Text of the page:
That flurry of deal activity hasn't changed much under the watch of CEO Chuck Robbins, either, with at least 20 transactions taking place since he took the helm in June 2015. The San Jose, Calif., networking company announced its latest deal on Monday, Aug. 21, saying it plans to acquire hyperconvergence software startup Springpath Inc. for $320 million in cash and assumed equity awards. Cisco said it expects the deal for the Sunnyvale, Calif., company to close in the first quarter of fiscal 2018.
Springpath developed a file system tailor-made for hyperconverged data centers, which use integrated software to manage a server so that it can scale more quickly and run more efficiently. Cisco said it intends to use this and other software from Springpath to continue building out its data center computing business. Cisco's data center unit is its fourth-largest business but has continued to lose money, as revenue has declined year over year in the past four quarters.
Cisco has a long-standing relationship with Springpath, having led the startup's Series C financing round in 2015. The amount of that investment was undisclosed. The startup also has attracted prior funding from Sequoia Capital, New Enterprise Associates Inc. and Stanford University, among others.
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Since Cisco's initial investment, it partnered with Springpath in 2016 to develop and release HyperFlex, Cisco's hyperconverged platform.
Cisco had been working with SimpliVity Corp., which develops hyperconverged IT infrastructure platforms, before it was acquired by Hewlett Packard Enterprise Co. (HPE - Get Report) for $651 million in February. Since then, Cisco has increasingly relied on its HyperFlex product to gain an edge in the hyperconverged data center market-a space that IDC has predicted will be worth as much as $6 billion by 2020. Rob Salvagno, Cisco's head of corporate development and investments, said in a blog post on Monday that HyperFlex has attracted more than 1,800 customers.
"This acquisition is one more example of Cisco's shift toward providing more software-centric solutions," Salvagno said.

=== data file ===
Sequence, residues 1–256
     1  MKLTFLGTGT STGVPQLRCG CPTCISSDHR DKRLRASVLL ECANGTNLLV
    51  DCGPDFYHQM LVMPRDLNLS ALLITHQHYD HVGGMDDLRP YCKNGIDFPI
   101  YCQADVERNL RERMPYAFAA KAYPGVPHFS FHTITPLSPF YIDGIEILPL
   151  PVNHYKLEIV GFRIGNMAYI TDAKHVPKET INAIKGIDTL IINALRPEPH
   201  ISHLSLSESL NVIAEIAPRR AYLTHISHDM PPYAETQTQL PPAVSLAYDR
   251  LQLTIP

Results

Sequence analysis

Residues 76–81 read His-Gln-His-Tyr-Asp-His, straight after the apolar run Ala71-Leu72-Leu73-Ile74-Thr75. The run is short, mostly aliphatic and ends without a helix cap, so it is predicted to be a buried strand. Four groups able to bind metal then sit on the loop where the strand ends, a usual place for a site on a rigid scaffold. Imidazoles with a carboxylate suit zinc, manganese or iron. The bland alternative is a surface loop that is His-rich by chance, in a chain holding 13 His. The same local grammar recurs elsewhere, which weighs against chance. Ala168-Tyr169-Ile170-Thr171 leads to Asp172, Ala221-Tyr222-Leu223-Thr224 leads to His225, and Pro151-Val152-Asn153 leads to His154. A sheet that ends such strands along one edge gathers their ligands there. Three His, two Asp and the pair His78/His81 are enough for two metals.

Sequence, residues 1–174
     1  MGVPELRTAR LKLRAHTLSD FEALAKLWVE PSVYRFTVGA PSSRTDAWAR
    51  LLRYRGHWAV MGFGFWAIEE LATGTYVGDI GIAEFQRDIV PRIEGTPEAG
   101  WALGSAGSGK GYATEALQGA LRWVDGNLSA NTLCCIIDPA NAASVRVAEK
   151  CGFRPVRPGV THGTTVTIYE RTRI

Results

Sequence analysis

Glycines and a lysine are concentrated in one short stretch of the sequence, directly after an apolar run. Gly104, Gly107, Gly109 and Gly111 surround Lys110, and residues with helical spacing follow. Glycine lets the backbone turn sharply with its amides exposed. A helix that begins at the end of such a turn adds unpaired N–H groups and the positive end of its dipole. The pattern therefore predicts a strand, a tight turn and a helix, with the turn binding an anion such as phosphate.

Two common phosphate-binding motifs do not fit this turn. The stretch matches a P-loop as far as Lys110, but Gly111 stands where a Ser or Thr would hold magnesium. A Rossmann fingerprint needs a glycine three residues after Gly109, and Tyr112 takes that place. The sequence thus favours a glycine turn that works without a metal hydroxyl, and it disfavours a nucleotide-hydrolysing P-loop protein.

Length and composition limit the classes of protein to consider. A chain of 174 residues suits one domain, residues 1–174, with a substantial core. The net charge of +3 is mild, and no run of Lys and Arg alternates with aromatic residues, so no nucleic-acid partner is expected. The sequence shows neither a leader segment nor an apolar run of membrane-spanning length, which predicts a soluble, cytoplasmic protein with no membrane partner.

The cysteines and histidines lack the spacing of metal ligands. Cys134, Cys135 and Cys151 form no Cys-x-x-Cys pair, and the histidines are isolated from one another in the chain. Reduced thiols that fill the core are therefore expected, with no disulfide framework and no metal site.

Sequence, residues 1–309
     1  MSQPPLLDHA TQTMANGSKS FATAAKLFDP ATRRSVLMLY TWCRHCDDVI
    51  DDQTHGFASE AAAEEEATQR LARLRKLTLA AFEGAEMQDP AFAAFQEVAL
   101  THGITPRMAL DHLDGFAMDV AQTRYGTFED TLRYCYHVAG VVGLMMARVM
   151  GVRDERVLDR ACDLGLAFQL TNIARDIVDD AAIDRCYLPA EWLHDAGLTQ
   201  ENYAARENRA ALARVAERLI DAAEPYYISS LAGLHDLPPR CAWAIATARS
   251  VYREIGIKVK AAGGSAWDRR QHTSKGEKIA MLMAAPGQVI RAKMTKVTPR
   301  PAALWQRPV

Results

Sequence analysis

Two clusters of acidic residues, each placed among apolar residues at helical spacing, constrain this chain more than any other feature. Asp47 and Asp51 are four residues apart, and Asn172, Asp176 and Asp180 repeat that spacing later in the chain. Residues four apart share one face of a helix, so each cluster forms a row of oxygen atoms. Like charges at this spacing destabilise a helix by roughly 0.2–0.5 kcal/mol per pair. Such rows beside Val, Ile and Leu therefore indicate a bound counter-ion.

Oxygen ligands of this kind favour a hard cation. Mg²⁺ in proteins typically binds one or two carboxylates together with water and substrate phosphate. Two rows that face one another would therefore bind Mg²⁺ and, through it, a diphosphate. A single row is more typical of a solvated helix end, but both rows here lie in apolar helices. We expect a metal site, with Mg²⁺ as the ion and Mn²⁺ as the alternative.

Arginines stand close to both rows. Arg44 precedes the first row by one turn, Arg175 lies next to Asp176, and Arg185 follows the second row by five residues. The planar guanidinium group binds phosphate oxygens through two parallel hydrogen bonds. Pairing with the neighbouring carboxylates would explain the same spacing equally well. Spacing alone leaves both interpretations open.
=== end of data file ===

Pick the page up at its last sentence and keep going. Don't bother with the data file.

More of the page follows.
Salvagno sits on Springpath's board of directors, according to Springpath's website.
As part of a wide-ranging interview, TheStreet recently had a chance to talk with Cisco's CEO about the company's M&A strategy and what kinds of companies it could be targeting next. Robbins pointed to Cisco's previously stated "build, buy, partner, invest and co-develop" M&A strategy. Cisco has been known to acquire companies to seize their emerging technology, rather than build it itself, like its $3.7 billion purchase of AppDynamics Inc. in March. AppDynamics creates software that helps companies monitor how their applications and websites are running to prevent them from crashing.
Looking forward, Robbins said Cisco plans to keep being opportunistic when it comes to M&A, by using the same "build, buy, partner" approach it always has.
"[We] intend to continue to use smart M&A as a way to seize market transactions in new markets as well as extend our leadership in our current business," Robbins said. "Our M&A approach will strive to remain balanced -- maintaining discipline in light of market conditions while making key strategic moves that cement Cisco's competitive differentiation for the future."
He added that the company will "always be looking out" for additional deals like its purchases of AppDynamics; Meraki Inc. for $1.2 billion in 2012; Sourcefire Inc. for $2.7 billion in 2013; and OpenDNS Inc. for $635 million in 2015. Robbins also highlighted Cisco's growing number of strategic partnerships, which now include Apple Inc. (AAPL) and Salesforce.com Inc. (CRM).